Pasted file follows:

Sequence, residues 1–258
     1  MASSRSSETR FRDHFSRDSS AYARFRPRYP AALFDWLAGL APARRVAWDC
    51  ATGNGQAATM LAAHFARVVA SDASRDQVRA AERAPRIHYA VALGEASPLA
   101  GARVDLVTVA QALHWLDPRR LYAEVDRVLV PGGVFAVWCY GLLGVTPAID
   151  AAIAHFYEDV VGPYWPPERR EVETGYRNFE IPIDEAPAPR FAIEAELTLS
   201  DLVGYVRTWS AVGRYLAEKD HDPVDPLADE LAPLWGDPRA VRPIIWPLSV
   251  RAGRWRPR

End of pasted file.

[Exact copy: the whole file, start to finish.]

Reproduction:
Sequence, residues 1–258
     1  MASSRSSETR FRDHFSRDSS AYARFRPRYP AALFDWLAGL APARRVAWDC
    51  ATGNGQAATM LAAHFARVVA SDASRDQVRA AERAPRIHYA VALGEASPLA
   101  GARVDLVTVA QALHWLDPRR LYAEVDRVLV PGGVFAVWCY GLLGVTPAID
   151  AAIAHFYEDV VGPYWPPERR EVETGYRNFE IPIDEAPAPR FAIEAELTLS
   201  DLVGYVRTWS AVGRYLAEKD HDPVDPLADE LAPLWGDPRA VRPIIWPLSV
   251  RAGRWRPR